SHELBY COUNTY, TN (WMC) - Shelby County Schools teachers had a chance to take their concerns right to the top.
From school safety to a changing curriculum, Superintendent Dorsey Hopson heard it all at a meeting Monday night.
Teachers and district leaders agreed that the meeting helped to dissipate a growing climate of fear within Shelby County Schools.
They sounded off about their concerns but did it in an environment they called a "safe place."
Teachers candidly told Superintendent Dorsey Hopson concerns they have within the district.
"As a parent, I looked at the climate and looked at the culture. I don't want my child in that," one parent said.
The question-answer panel was organized by the United Education Association of Shelby County. The goal was to open dialogue between district leaders and those on the education front lines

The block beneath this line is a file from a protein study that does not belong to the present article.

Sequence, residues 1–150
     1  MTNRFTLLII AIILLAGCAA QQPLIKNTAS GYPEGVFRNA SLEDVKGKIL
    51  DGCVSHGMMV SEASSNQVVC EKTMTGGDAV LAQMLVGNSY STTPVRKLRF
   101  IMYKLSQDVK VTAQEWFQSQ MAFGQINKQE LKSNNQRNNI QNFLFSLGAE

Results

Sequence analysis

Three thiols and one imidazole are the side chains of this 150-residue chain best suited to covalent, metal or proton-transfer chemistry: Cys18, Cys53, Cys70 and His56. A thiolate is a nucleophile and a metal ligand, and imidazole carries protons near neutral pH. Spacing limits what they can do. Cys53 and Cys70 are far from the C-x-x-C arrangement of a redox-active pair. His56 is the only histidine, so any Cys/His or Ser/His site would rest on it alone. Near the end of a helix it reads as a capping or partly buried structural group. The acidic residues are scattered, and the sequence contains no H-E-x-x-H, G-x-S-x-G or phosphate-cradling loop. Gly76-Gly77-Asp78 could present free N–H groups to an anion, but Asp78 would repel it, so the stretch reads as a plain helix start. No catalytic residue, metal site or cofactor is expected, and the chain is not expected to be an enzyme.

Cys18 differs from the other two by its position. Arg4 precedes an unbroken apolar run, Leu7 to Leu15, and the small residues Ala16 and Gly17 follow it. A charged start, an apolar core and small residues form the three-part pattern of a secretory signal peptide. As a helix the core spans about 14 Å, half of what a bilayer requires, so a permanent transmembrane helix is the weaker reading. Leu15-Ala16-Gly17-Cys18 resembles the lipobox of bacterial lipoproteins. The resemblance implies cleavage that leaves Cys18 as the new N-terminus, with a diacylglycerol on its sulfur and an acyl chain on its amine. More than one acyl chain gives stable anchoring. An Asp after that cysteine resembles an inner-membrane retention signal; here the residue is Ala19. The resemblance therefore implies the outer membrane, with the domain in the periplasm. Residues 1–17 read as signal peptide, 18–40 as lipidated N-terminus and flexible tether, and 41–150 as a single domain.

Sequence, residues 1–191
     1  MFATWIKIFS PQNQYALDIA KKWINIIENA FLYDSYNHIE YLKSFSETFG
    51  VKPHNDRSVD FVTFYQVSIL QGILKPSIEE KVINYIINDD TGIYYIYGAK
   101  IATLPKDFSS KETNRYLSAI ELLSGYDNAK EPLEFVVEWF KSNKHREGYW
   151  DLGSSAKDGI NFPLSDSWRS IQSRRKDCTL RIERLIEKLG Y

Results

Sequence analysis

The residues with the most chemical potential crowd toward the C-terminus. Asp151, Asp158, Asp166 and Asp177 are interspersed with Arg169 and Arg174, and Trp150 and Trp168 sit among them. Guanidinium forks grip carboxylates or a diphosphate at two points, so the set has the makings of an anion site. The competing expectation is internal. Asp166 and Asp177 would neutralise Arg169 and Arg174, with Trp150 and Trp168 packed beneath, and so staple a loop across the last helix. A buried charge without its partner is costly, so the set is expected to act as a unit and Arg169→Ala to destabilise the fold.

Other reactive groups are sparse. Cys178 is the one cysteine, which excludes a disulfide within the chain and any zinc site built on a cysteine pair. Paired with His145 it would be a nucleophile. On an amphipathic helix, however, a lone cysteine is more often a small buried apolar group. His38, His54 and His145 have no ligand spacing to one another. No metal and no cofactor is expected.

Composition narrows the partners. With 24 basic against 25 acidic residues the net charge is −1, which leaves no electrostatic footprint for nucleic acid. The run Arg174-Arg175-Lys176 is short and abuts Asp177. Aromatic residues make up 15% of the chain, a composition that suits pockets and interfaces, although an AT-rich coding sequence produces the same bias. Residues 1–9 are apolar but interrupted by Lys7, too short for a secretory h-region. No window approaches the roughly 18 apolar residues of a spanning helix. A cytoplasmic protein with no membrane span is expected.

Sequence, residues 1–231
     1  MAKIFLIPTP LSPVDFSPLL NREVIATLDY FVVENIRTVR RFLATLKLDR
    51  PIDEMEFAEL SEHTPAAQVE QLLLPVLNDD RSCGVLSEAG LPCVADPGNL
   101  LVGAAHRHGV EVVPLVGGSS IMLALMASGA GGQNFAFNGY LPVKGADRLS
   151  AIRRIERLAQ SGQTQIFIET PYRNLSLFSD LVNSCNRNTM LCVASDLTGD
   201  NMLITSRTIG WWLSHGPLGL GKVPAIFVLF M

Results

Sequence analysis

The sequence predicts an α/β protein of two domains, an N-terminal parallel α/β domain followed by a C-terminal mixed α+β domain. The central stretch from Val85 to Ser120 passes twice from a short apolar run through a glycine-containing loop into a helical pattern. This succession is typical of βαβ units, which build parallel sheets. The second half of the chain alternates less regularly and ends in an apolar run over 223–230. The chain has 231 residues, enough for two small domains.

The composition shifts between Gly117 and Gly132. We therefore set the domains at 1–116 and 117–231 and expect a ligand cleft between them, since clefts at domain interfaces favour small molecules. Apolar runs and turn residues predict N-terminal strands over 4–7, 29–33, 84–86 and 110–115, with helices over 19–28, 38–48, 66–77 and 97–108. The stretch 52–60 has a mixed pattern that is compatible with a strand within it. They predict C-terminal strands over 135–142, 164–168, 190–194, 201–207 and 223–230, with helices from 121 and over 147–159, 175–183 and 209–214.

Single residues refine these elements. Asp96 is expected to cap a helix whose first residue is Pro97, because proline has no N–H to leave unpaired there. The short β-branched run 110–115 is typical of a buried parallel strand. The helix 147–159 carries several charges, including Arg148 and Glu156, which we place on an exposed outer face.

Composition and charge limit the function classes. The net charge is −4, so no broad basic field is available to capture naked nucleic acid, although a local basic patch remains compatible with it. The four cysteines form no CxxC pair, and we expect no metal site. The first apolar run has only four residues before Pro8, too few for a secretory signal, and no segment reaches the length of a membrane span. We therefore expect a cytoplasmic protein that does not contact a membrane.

"We wanted them to know that your safe to say what you need to say to the superintendent," UEA president Tekila Rucker said.
Teachers asked questions about safety, curriculum, and overall culture of Shelby County Schools.
Rucker said many teachers are concerned about the English Language arts curriculum, something teachers called inconsistent and lacking in creativity.
"We should be teaching them how to read, we should be teaching them how to achieve their goals, not how to take a test," Rucker said.
"We just need the autonomy to come in and say I know what I am supposed to teach, let me teach it, allow me to teach it the way I feel my students are going to get it," SCS teacher Aleace Scott said.
"We do too much testing, it's preposterous," one person said at the meeting.
Chief of Schools Dr. Sharon Griffin said the district is working to lay out a new academic plan, one that would address issues like lack of consistency and students who switch schools each school year.
"No matter what school you go to, it is consistent and that our students will be exposed to the best teachers and the best possible support we can provide," Griffin said.
That new academic plan is expected to be rolled out in just a couple of weeks, and the goal of the plan is to bring every child up to speed by 2025.